Cardiac valve surgery- the "French correction". J Thorac Cardiovasc Surg 1983; 86:323-337
After Reid's and Barlow's initial work, several reports were published to describe this new clinical entity, "mitral regurgitation with mid systolic click and late apical systolic murmur." Various terminologies were used to describe this condition based on auscultatory findings (chordal snap, click syndrome) or on pathological findings (myxomatous valve, myxoid valve, floppy valve) or on cineangiographical findings (Ballooning valve, billowing posterior leaflet, prolapse leaflet).
Criley in his article of 1966 wrote "the difference between billowing and prolapse may merely be semantic or only a matter of degree, with one condition merging into another." In contrast, Barlow was of the opinion that "This [use of multiple terminologies] has contributed to the general confusion and it seems to us that it is more than a matter of semantics for terms such as billowing, prolapse, floppy, or flail to be better defined." Barlow then continued "The concept propounded by the French cardiac surgeon, Alain Carpentier, defines the essential and important differences between mitral valve prolapse and billowing mitral leaflets."
Barlow was obviously referring to Carpentier's Pathophysiological triad and functional classification.
Carpentier introduced the concept of pathophysiological triad to make a clear distinction between terminologies describing the etiology (the cause of the valve disease), lesions (resulting from the disease) and dysfunction (resulting from the lesions).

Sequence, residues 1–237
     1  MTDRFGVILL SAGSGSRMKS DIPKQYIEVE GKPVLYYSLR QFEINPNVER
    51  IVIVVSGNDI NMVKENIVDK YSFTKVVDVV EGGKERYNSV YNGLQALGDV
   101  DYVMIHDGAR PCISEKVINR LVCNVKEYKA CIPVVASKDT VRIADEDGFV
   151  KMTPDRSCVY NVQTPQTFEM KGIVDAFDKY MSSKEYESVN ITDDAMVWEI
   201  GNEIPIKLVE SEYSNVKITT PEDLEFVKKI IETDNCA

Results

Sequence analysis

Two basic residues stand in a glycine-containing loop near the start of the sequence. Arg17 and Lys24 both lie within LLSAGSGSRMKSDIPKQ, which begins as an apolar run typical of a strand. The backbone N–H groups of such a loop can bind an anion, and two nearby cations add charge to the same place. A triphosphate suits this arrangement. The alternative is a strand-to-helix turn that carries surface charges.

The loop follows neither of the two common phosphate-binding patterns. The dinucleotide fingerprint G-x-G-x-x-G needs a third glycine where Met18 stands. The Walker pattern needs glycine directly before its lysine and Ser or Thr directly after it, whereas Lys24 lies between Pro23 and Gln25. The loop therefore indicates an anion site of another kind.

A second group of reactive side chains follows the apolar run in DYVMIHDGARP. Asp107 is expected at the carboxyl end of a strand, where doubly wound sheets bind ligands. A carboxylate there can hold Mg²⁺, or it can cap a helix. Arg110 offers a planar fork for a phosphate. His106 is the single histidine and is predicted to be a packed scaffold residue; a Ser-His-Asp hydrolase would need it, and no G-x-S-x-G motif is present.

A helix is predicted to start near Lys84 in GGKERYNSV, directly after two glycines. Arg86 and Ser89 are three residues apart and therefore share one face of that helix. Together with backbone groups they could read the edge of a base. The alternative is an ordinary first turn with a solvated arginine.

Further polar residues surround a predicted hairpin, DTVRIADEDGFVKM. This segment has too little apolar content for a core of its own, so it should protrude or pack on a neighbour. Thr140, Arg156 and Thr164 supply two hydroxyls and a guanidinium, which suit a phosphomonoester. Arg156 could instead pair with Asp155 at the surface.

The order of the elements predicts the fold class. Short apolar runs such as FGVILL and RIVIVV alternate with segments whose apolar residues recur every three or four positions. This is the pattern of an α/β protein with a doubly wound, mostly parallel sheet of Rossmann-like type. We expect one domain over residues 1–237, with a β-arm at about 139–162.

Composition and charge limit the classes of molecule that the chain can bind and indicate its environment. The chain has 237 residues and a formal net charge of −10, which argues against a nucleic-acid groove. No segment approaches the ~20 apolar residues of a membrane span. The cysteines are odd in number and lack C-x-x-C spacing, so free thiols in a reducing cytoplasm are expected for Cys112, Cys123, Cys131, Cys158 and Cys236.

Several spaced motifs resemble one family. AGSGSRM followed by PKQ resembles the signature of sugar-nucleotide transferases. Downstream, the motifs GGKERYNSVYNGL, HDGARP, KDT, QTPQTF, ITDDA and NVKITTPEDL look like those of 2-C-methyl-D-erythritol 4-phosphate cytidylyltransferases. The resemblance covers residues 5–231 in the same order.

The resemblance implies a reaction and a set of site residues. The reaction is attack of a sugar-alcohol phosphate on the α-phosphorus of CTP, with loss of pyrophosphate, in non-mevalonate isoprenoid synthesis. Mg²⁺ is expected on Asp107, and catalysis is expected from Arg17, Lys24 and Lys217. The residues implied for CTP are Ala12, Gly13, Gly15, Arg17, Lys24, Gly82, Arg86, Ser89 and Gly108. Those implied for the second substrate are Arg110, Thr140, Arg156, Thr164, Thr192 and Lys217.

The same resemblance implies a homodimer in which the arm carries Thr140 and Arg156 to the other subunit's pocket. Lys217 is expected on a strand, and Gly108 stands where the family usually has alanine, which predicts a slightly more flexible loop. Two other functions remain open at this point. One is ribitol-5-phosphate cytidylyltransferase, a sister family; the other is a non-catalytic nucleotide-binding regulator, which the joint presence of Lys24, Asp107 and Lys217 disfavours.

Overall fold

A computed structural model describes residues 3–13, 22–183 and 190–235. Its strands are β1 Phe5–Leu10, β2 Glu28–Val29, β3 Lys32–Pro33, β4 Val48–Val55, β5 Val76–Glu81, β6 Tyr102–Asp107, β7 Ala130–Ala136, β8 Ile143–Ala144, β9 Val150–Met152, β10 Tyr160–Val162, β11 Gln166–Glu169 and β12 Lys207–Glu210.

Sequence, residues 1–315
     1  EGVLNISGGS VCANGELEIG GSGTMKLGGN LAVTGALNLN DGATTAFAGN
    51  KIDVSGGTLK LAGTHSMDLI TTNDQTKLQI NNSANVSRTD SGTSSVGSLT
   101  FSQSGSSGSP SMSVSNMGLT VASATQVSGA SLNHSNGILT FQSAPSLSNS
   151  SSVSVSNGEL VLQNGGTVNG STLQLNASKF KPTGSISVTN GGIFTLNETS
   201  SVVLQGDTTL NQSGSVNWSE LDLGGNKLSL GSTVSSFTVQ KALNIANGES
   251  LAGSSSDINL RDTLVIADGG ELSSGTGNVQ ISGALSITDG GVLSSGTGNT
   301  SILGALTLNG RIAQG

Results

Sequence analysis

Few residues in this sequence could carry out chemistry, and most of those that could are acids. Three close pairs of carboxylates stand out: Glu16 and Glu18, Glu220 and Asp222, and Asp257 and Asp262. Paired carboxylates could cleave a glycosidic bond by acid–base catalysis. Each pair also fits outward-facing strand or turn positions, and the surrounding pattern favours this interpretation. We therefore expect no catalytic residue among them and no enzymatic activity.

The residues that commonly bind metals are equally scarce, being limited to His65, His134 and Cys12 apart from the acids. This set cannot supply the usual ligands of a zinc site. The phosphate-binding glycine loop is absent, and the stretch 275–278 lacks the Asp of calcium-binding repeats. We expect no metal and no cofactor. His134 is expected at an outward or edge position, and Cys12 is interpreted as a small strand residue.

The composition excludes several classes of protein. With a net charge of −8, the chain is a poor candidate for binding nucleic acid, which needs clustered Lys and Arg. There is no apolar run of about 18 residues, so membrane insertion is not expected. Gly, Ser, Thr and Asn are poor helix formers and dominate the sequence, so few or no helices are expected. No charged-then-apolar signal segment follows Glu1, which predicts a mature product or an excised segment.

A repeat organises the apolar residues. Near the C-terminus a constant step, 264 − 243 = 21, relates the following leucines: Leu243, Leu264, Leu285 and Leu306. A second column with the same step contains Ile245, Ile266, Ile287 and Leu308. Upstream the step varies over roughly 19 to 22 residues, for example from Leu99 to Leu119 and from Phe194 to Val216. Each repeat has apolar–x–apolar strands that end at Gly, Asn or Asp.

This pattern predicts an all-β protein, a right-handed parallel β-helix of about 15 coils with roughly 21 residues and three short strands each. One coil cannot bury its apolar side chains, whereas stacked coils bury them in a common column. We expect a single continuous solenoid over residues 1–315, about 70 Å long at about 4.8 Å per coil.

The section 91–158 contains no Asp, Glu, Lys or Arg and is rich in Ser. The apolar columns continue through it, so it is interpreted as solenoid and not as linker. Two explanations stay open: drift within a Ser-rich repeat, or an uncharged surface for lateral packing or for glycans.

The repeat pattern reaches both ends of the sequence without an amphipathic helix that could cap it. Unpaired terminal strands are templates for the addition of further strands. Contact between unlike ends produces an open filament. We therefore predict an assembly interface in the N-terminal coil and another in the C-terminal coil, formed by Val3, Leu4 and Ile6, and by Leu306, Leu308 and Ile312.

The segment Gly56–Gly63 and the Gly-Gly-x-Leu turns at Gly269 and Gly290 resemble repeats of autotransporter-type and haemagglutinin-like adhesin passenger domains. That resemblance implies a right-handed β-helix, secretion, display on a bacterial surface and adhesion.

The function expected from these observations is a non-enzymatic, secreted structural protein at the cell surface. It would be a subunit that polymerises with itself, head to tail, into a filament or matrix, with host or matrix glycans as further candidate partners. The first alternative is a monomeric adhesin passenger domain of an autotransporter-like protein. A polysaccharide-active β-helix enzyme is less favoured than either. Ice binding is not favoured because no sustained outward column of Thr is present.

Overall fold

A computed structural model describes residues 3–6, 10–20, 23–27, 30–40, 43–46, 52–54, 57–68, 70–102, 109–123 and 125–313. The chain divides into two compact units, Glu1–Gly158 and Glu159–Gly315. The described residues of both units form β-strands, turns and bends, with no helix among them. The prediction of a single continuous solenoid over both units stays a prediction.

The functional approach, first described in 1978, was based on the analysis of the motion of the leaflets during diastole and systole. Three functional types were distinguished depending upon whether the leaflet motion is normal (type I) increased (leaflet prolapse or type II) or decreased (restricted leaflet motion or type III).
Using this simplified approach, the etiology of this degenerative valve disease with excess leaflet tissue, billowing valves, and myxomatous degeneration on histology was named Barlow's disease because of the seminal contributions of this author. Leaflet billowing was described as a valvular lesion and leaflet prolapse as a dysfunction indicating excess motion of one or both leaflets of the mitral valve overriding the plane of the annulus during systole.
Carpentier's extensive clinical and operative experience led him to define a second type of degenerative mitral valve disease, Fibroelastic deficiency, in 1975. Contrary to Barlow's disease, Carpentier remarked that this degenerative disease was characterized by extremely thin leaflets and chordae without excess leaflet tissue. Furthermore, fibroelastic deficiency had a limited time course, no familial forms and was often diagnosed in elderly patients. The mechanism of mitral regurgitation in most patients was an isolated prolapse of the middle scallop of the posterior leaflet due to chordae rupture.
In 1981, Carpentier and his colleagues published a landmark article comparing the clinical, pathological, and histological characteristics of Barlow's disease and fibroelastic deficiency:
A) Barlow's disease :
Average age at operation-48 years. Average time interval between first clinical symptom and operation -28 years
Redundant, thickened, and yellowish leaflets with excess tissue. Severe dilatation of the annulus. Elongated and irregular (thin or thickened) chordae.
Disruption of collagen and elastic layers, and excess acid mucopolysaccharides.
B) Fibroelastic deficiency :
Average age at operation-61 years. Average time interval between first clinical symptom and operation-6 years
Smooth, thin, and translucent leaflets (no excess tissue). Moderate dilatation of annulus. Slightly elongated and very thin chordae.
Fibroelastic and acid mucopolysaccharide deficiency.